The statistics of sampling errors in directly measured variables are estimated from station pair analysis, in which variance is partitioned into contributions by resolved and unresolved scales. Resolved scales contribute the portion that is contained in averages of adjacent sounding stations and/or adjacent launch times (6-h intervals), while the rest of the total variance is defined as unresolved. Magnitudes of unresolved variability for typical rawinsonde-array spacings are ∼0.5 K for temperature; ∼5% for relative humidity at low levels, rising to nearly 15% in the middle-upper troposphere; and ∼2 m s−1 for winds, rising to 3 m s−1 in the upper troposphere. These are much larger than random instrumental errors, as estimated from pairs of simultaneous rawinsondes launched very close together. Vertical correlation scales of unresolved variability are 100–200 hPa. Up to 50% of the variance of humidity is unresolved, while for zonal wind the unresolved portion is only a few percent. Spatial and temporal sampling errors become about equal for 6-hourly rawinsondes ∼200 km apart.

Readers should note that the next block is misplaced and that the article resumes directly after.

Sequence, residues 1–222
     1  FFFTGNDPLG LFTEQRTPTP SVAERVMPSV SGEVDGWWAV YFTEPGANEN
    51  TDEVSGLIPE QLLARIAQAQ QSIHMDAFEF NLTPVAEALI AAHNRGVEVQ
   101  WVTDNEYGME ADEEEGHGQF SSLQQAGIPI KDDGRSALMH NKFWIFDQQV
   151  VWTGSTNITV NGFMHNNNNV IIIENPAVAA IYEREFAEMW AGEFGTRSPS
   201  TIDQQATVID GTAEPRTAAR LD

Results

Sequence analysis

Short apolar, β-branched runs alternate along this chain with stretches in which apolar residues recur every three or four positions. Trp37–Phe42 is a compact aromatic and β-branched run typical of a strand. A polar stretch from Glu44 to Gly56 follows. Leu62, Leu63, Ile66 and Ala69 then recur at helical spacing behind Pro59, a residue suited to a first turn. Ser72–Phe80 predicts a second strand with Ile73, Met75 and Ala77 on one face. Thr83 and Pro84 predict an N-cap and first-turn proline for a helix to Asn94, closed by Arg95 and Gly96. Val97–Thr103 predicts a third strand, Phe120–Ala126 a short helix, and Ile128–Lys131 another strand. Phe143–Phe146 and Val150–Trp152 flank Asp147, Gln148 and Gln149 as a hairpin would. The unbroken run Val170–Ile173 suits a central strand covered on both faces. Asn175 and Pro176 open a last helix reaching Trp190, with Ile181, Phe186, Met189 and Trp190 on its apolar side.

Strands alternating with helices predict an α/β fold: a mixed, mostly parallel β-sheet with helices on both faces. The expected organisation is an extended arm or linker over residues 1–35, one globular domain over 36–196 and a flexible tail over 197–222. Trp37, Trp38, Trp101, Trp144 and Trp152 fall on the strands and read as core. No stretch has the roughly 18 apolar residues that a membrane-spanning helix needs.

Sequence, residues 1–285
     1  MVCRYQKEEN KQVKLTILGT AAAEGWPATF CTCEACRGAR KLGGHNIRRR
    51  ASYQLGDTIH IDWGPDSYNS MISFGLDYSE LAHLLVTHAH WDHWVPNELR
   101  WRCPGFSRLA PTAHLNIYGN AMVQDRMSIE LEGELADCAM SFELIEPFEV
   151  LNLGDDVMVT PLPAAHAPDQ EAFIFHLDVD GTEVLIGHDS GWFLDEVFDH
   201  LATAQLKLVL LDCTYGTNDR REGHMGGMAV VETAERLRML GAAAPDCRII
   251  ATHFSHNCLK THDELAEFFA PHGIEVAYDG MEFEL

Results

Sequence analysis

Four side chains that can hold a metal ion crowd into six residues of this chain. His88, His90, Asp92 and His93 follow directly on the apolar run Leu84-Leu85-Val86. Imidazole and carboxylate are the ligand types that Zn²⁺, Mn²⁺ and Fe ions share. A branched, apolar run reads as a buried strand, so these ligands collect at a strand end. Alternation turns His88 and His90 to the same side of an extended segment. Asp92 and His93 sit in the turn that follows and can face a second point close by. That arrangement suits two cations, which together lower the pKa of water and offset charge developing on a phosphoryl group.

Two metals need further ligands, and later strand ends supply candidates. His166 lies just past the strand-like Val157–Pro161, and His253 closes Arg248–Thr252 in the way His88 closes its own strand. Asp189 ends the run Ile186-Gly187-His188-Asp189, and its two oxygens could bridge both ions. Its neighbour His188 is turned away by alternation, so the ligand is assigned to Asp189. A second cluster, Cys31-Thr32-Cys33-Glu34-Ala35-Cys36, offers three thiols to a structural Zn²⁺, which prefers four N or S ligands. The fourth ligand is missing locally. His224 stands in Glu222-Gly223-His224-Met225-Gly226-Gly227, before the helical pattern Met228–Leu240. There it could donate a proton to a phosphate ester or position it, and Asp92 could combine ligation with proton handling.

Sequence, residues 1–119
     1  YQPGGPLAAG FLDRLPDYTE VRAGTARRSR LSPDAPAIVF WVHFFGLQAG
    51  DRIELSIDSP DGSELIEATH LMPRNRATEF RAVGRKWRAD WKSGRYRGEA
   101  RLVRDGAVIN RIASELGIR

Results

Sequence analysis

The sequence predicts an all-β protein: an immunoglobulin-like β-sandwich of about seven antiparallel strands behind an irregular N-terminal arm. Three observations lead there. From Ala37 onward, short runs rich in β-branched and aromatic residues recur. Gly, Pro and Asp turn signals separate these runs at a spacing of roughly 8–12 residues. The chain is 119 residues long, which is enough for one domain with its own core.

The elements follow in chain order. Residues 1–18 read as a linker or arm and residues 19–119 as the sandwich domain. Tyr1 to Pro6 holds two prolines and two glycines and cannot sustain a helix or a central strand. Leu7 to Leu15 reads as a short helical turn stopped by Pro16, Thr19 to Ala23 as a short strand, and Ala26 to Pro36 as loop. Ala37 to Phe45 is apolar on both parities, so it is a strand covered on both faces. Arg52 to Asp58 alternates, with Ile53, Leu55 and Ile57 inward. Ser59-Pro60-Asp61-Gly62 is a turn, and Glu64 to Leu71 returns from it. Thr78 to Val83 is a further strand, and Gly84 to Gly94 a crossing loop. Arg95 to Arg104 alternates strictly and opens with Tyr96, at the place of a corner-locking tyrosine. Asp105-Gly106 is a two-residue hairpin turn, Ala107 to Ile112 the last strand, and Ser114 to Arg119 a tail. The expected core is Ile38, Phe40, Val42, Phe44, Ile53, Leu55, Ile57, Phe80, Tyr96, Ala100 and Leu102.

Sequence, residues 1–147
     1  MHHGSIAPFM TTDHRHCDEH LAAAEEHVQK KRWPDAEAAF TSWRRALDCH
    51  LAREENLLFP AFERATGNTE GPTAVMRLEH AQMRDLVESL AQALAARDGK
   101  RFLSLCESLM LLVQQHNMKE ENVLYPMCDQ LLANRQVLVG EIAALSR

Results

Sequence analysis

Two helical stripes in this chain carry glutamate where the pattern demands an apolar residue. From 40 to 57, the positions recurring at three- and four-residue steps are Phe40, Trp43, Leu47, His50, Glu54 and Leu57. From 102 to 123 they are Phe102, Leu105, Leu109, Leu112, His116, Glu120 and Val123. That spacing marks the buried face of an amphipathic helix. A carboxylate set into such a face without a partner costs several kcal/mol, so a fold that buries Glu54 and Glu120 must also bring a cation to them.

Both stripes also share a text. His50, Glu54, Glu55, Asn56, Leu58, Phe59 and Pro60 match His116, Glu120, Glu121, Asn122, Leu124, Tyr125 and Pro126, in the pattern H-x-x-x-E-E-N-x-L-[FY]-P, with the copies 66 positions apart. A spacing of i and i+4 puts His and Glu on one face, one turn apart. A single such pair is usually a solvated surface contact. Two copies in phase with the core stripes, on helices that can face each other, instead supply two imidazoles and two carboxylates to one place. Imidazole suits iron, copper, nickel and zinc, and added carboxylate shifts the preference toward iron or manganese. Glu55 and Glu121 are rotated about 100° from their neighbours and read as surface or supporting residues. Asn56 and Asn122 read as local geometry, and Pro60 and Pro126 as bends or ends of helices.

The effects of sampling errors on budget computations are estimated by a perturbed-observation ensemble approach. All computations are repeated 20 times, with random realizations of unresolved variability added to the rawinsonde data entering the analysis. The ensemble standard deviation serves as an estimate of sampling error, which naturally decreases as the results are averaged over larger areas and longer time periods. For example, rainfall estimates on ∼500 km scales have sampling errors of ∼5 mm day−1 in daily means, and ∼1 mm day−1 in monthly means. The ensemble spread of 120-day time integrations of the vertically averaged moist enthalpy equation with rawinsonde-array-derived advective sources exceeds 20 K, implying that sampling error could be responsible for substantial biases in column models forced with such source terms.